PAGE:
John Locke – beer tourist

John Locke

In 1683 John Locke fled into exile in Holland, after being connected to a scheme to assassinate Charles II.  While there he denied involvement or knowledge in such a plot and refused to implicate his friends.  His excuse, which amuses me, was that he was simply in Holland because he preferred the beer!  It seems pretty plausible to me.

(Unfortunately, I haven’t actually been able to find a primary source for that; it was mentioned in the introduction of my Penguin Classics’ collection of his Political Writings, and I have found mention elsewhere online.  Annoyingly many of his letters have been collected by a fellow called E.S de Beer, so google searches have been pretty difficult.  The man did seem to know his beer – as noted in this beer blog, with John Locke organising various types of British ale into categories.)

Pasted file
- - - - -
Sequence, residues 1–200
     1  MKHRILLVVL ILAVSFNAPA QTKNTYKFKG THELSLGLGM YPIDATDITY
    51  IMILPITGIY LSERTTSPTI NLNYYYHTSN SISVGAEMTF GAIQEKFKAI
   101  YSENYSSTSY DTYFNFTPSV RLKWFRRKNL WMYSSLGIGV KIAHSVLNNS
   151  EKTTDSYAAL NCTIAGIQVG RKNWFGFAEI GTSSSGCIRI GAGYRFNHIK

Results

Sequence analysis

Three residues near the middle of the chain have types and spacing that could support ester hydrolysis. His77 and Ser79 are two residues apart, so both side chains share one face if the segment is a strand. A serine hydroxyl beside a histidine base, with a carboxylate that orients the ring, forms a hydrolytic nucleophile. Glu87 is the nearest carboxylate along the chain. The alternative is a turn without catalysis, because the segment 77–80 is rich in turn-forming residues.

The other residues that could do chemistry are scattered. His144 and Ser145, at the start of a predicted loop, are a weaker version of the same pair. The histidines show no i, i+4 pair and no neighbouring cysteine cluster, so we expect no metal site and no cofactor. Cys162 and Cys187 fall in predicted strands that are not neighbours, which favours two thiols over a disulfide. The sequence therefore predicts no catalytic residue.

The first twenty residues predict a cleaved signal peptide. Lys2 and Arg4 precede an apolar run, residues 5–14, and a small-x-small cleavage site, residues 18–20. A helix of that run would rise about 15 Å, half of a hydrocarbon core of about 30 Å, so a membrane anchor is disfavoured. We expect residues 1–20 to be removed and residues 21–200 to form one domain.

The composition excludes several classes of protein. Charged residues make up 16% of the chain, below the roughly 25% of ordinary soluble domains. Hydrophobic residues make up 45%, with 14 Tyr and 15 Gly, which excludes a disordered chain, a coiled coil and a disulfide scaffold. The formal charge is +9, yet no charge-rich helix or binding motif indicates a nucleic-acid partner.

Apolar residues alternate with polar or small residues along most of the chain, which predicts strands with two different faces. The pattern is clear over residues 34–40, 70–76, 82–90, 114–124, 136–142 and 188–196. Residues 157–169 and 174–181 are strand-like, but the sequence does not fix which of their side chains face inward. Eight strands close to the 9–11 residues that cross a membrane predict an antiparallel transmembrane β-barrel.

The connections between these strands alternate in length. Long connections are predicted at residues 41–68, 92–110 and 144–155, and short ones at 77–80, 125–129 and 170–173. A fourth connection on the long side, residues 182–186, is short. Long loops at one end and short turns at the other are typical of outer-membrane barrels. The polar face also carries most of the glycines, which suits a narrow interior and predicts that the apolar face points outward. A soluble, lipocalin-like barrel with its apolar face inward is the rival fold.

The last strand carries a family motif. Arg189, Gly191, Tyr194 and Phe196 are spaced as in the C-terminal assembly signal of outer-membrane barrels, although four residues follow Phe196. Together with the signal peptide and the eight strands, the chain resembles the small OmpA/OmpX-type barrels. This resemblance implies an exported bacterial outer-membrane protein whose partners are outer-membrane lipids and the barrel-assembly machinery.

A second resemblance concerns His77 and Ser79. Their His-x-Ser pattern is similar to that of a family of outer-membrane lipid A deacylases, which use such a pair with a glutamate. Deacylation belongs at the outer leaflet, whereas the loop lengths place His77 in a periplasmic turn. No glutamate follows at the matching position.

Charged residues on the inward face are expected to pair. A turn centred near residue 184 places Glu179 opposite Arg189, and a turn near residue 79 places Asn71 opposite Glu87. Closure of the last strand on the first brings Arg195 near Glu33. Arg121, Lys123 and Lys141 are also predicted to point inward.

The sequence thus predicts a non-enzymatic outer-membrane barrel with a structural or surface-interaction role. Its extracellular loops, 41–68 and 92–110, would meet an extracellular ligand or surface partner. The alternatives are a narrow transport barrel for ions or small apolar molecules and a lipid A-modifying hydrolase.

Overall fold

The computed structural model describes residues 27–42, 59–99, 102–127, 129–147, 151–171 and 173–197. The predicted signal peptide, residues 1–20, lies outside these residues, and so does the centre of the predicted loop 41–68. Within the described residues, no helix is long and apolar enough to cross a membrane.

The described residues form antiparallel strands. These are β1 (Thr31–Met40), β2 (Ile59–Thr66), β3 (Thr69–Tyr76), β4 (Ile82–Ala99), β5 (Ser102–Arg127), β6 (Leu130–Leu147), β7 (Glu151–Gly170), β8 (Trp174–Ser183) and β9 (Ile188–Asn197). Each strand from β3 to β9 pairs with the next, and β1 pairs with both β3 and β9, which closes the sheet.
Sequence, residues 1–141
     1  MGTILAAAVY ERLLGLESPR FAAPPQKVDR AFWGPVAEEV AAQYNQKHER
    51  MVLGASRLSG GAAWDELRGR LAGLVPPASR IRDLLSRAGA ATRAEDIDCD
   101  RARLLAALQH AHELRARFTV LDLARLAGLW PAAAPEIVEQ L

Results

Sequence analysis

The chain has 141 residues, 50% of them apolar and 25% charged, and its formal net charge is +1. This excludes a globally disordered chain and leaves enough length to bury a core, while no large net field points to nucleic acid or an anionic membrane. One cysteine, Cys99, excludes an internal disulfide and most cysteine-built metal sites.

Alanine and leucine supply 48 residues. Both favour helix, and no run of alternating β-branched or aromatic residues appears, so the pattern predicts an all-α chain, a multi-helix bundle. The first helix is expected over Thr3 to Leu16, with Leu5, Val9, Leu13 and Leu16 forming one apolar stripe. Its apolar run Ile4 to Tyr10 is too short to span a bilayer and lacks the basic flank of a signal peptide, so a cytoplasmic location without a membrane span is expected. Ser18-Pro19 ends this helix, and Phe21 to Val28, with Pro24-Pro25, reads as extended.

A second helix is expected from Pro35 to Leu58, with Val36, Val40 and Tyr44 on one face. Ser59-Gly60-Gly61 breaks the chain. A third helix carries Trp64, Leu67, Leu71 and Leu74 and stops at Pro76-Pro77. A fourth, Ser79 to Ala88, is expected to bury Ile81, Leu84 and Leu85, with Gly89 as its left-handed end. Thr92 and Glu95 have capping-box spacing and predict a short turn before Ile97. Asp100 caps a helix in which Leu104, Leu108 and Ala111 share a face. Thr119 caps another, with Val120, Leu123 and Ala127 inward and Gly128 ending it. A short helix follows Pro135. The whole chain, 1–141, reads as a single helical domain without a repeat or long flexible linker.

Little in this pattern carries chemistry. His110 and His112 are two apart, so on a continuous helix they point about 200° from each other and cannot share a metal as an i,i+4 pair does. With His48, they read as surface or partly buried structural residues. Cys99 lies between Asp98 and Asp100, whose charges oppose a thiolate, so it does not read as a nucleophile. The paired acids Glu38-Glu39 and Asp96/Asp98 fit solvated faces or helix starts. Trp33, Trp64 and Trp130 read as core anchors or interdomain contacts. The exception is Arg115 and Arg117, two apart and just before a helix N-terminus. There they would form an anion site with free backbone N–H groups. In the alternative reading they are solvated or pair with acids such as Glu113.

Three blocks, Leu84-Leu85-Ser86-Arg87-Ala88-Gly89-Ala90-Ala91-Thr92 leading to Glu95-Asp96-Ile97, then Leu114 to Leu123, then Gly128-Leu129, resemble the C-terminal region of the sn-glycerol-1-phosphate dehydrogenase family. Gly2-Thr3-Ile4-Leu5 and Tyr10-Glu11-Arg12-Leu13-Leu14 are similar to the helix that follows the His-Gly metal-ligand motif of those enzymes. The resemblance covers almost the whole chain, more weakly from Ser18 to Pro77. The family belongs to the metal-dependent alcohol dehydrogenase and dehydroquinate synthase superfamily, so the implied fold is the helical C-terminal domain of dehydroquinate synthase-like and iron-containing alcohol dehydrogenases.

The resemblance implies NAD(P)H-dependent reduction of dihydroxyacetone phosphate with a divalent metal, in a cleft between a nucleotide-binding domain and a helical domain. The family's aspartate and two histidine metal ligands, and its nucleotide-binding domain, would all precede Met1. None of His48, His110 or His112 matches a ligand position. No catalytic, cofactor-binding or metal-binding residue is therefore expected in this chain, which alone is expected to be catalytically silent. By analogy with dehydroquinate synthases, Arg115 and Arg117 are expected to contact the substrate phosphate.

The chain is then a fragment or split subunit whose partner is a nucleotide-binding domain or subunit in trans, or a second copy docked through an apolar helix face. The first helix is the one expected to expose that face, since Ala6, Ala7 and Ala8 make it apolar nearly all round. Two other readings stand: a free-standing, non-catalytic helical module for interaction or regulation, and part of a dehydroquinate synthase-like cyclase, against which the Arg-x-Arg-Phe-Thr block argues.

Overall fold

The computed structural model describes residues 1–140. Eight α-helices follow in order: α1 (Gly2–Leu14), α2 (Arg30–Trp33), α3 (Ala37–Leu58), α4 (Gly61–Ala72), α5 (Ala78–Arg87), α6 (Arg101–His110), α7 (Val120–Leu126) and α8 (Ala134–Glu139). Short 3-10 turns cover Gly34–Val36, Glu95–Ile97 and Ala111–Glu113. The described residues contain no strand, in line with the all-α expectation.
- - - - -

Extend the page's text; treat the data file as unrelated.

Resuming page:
Historical Pubs: The Turf Tavern, Oxford

FrontSituated in a little alleyway just off Broad Street, the Turf Tavern is one of the big tourist sights in Oxford. Over the years Bill Clinton has “not inhaled” there, the Australian PM Bob Hawke has set an ale-drinking world record, and Inspector Morse has visited more than once. With its unique, and occasionally odd, history, handy city-centre location and large beer gardens it has become a draw for anyone visiting Oxford and many of the residents. You may be pleased to hear that it does not disappoint (unlike The Eagle in the other place, from one of my previous posts).

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